The 76-year-old former Italian Prime Minister Silvio Berlusconi pulled the rug from under the technocratic government of Mario Monti.
Monti's government had relied on support from both the right and the left to push through austerity laws in order to calm the financial markets and ensure that Italy would not go the way of other European states which required a bailout.
This ended when Berlusconi's party voted no confidence in Monti. Angelino Alfano the secretary of Berlusconi's party announced "the experience of Monti in power is over." Berlusconi attacked Monti, claiming that Monti and his team in one year of power had only worsened Italy's political and economic situation.
Silvio Berlusconi claims that when he enters the field he does so in order to win. Italy is due for elections by early March and there are rumors that Berlusconi is assembling a team of All-Stars from the economic field (with an emphasis on high-tech) whom he can present to the voters, much in the way that he assembles players for his AC Milan football team. His formidable newspaper and broadcasting empire will also be mobilized.
Many of Berlusconi's former allies, who helped him capture power previously, are now at odds with him. The President of Italy's lower chamber, Gianfranco Fini, disparaged the presumed comeback "as everybody knows the dinosaurs belong to another geological era." Pierferdinando Casini of the centrist Christian Democratic Union was less inclined to treat this as a joke, feeling that it was infantile to try to undermine Monti, who was trying to save Italy from economic disaster .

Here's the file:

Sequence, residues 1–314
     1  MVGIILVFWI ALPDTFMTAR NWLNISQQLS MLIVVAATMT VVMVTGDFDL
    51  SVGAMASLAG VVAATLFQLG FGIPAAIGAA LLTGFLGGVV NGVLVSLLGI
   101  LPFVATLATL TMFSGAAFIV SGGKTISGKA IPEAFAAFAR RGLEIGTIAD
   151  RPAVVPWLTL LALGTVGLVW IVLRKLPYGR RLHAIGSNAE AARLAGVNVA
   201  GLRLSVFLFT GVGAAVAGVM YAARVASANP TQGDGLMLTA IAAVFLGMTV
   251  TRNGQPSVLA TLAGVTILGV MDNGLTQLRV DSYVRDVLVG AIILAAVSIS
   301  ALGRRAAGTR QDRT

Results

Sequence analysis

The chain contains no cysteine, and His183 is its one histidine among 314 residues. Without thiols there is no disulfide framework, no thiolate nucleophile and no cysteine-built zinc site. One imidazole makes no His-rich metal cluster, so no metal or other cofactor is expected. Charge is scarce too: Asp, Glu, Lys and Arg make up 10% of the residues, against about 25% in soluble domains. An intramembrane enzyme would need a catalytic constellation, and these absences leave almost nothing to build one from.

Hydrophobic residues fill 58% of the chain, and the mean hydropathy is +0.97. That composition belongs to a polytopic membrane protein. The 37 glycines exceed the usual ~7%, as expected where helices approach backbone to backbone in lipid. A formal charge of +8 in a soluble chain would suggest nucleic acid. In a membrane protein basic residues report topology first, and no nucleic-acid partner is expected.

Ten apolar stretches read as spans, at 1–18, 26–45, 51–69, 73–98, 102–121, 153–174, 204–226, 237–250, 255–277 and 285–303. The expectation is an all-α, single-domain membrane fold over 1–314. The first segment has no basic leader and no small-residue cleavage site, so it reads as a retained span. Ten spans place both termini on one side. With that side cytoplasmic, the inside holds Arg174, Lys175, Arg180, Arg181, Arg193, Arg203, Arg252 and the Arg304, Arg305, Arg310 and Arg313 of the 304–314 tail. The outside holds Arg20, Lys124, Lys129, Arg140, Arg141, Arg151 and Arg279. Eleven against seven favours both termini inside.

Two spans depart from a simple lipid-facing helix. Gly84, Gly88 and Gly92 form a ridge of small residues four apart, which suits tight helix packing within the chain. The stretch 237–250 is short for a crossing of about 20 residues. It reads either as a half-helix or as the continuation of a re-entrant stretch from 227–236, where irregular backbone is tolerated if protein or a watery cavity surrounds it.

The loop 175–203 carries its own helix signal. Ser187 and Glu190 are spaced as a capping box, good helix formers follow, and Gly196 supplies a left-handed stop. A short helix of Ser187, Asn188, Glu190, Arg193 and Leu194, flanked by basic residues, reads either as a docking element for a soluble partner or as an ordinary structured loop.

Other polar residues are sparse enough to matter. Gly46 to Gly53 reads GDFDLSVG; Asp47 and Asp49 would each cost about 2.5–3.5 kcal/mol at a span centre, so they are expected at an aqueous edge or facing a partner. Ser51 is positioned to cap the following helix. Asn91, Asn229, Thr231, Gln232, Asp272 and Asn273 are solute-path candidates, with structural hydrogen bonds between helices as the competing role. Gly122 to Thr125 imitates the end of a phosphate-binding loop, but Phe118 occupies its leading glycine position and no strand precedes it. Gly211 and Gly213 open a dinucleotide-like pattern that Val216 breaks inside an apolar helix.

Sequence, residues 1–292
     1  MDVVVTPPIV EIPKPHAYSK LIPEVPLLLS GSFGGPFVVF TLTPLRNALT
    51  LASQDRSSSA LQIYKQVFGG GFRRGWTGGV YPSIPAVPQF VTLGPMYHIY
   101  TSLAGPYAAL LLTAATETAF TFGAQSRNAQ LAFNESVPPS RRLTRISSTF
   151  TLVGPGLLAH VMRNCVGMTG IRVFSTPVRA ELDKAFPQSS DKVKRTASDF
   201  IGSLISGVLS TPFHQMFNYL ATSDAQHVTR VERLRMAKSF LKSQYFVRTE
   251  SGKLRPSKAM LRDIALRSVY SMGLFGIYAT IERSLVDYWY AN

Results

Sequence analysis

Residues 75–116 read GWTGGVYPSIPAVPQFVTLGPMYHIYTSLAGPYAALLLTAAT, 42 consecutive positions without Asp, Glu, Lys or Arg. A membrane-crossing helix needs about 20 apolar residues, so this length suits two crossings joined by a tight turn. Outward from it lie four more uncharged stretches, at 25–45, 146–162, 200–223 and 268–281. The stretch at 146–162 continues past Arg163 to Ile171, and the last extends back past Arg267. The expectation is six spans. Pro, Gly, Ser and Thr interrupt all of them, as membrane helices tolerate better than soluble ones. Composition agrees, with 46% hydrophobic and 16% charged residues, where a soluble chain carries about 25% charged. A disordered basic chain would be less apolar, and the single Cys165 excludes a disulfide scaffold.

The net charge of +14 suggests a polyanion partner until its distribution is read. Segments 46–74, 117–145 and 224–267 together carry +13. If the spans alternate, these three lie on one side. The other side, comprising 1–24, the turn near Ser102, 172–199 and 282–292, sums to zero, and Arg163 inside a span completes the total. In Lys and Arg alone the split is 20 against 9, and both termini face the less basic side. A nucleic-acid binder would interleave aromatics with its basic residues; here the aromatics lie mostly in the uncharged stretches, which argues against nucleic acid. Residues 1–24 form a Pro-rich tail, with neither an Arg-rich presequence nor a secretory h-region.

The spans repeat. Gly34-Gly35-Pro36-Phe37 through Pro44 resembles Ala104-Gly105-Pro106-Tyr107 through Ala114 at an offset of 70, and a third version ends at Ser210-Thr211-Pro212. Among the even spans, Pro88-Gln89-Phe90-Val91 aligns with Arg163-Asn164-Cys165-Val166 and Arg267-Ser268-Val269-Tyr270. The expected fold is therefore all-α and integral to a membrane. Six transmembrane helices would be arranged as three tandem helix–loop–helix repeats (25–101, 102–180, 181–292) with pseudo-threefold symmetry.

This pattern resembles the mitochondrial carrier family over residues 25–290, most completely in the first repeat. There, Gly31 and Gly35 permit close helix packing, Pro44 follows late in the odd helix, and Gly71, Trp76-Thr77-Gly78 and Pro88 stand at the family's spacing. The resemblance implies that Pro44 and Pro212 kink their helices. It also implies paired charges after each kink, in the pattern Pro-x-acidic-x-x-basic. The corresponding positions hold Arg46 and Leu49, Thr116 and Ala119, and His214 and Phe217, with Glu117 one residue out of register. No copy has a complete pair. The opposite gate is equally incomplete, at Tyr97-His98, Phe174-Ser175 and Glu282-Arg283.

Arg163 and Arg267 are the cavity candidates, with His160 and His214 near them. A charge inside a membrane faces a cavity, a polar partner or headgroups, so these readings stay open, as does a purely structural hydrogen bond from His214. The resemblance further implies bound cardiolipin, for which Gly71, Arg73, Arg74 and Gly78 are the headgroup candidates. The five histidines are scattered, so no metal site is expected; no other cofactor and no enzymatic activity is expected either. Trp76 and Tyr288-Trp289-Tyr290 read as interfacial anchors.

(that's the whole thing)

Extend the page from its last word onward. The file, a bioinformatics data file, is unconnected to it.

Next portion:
One of Silvio Berlusconi's old adversaries, Martin Schulz, the President of the European Parliament, who was in Oslo as part of an EU delegation to receive the Nobel Peace Prize, was sharply critical.
When Silvio Berlusconi addressed the European Parliament a few years back he was heckled by Schulz and this drew Berlusconi's retort that Schulz would make a perfect concentration camp guard in a Hollywood movie. This accusation led to diplomatic protests by Germany.
Schulz accuses Berlusconi of being against stability precisely at a moment when Europe requires stability, and "so many of Italy's problems are the results of 10 years in which Berlusconi was Prime Minister."
He added "The Italians know well who was the source of the problems and who has contributed to resolving them."